Cornhill-on-Tweed lies in north Northumberland and, as its name suggests, lies alongside the banks of the River Tweed which here forms the border with Scotland. The name Cornhill derives from 'corn-haugh' and was described as a place in the midst of rich cornlands in the 19th century. The main settlement of the parish is the village of Cornhill, although there are numerous farmsteads spread across the land here. The concentration of arable farming in this area has led to the discovery of many archaeological sites through the technique of aerial photography. This has revealed cropmarks of new settlements and enclosures as well as land boundaries, such as pit alignments, in the west of the parish. Although their precise date is unknown, in many cases they are probably later prehistoric.
Although there may have been earlier inhabitants in Cornhill, probably the first evidence we have for human activity is a Neolithic stone axe. It is a one-off discovery and continuous farming in this area will probably have destroyed the remains of any associated settlement long ago. With the arrival of the Bronze Age comes our first evidence of burial practices and possible settlement sites. Several burial mounds were discovered in the 19th century but none has survived as an upstanding monument. A stone cist found in the 18th century at the old chapel site contained human bones and pottery vessels. The evidence for their settlements is less certain, but is suggested by some palisaded enclosures, again found by aerial photography.
The people of the Iron Age and Roman period have left plenty of evidence of where they lived, although none is visible on the ground. It has all been found by aerial photography and survives as cropmarks that can only be seen from the air. The settlements range from a probable hillfort to a curvilinear enclosure with a hut circle inside. A single Roman coin is reputed to have been found on Kippie Hill when a mound was excavated there in the 19th century.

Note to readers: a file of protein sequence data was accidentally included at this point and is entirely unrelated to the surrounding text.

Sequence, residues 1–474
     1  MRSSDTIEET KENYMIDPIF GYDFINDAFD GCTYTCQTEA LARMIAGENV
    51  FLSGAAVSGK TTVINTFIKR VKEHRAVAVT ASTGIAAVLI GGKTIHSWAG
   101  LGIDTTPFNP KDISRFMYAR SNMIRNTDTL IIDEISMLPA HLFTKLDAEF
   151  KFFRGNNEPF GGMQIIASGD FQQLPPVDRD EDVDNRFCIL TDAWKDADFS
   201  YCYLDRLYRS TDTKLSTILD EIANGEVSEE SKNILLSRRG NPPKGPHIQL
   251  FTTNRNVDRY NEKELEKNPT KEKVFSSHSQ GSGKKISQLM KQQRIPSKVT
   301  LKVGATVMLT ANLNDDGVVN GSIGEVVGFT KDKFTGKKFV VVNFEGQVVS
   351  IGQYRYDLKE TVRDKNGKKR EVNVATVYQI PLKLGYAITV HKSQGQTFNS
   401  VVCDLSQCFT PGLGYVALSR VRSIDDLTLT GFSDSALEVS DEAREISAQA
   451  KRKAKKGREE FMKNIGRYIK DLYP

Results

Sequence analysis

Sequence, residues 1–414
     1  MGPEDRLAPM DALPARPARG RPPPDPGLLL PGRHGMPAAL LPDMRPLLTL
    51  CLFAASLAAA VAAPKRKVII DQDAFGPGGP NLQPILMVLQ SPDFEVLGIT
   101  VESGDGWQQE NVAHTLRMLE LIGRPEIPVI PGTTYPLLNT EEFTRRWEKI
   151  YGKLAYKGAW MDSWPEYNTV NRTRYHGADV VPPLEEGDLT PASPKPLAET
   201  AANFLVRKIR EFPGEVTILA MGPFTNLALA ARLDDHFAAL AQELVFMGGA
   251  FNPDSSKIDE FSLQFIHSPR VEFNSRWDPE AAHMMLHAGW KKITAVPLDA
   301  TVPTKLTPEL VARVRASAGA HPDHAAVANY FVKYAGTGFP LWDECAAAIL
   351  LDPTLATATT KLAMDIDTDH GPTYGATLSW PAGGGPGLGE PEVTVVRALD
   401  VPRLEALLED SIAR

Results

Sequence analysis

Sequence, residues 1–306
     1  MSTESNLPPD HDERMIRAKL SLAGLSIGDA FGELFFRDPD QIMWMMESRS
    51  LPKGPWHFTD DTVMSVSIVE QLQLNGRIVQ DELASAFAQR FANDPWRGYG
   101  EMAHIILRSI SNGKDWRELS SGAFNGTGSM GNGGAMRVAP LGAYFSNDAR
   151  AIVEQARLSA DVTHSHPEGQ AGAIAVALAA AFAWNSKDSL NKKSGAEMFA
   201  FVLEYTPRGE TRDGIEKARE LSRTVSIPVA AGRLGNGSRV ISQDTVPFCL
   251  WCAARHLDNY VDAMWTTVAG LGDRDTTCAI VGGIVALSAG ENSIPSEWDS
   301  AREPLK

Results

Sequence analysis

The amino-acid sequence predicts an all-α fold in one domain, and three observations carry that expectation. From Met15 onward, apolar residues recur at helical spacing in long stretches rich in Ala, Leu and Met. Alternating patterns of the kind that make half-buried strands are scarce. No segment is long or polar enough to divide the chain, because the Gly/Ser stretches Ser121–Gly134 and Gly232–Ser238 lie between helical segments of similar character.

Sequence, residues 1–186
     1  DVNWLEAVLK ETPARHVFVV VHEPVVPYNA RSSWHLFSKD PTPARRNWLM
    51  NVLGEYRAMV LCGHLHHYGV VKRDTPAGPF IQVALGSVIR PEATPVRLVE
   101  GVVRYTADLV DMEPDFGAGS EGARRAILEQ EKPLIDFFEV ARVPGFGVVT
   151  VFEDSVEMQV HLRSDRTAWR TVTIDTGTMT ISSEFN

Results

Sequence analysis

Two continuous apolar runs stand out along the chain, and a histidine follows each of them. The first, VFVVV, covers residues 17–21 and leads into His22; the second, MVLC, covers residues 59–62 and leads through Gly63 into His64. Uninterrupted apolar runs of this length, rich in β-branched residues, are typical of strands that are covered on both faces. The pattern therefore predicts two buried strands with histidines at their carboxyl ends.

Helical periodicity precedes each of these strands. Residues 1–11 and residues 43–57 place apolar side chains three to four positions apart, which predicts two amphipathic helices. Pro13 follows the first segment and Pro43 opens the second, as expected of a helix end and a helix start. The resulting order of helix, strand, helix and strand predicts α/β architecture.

Like many parts of Northumberland there are no monuments known from the early medieval period. It is only after the Norman Conquest that once again remains of the past can be recognised at Cornhill. Cornhill is only one of several medieval villages known in the parish, including Heaton and Tillmouth. However, there are no traces of these settlements today and we only have documentary records to suggest how big they were. What we do have are remains of cultivation terraces, a bridge and two 'castles'.
The medieval and post-medieval periods were troubled times on the border between England and Scotland, with countless raids and skirmishes, as well as battles. Cornhill Castle on the banks of the River Tweed, suffered many knocks and blows between the 14th and 16th centuries and was rebuilt several times. Despite being described as a strong castle in 1549 it was in ruins less than 40 years later and today not a single stone survives. On the other side of the parish stood Heaton Castle, destroyed by James IV in 1496. All that survives today is parts of a later defensive building or strong house of about 1600AD showing the continued need for such protection in the early post-medieval period.
Growing peace in the Border region at this time is reflected in the appearance of buildings such as Melkington House and Cornhill House. Here, a growing confidence in the region led to a less defensive building being built around a 16th or 17th century strong house. This confidence can also be found in the creation of country houses and landscaped parks and gardens, such as Tillmouth Park from the late 18th and early 19th centuries. The 19th century also saw the arrival of the railway, with Coldstream Station being built on the English side of the border at Cornhill. It operated until 1965 when the line was closed. Today, Cornhill lies on one of the main road routes between England and Scotland.
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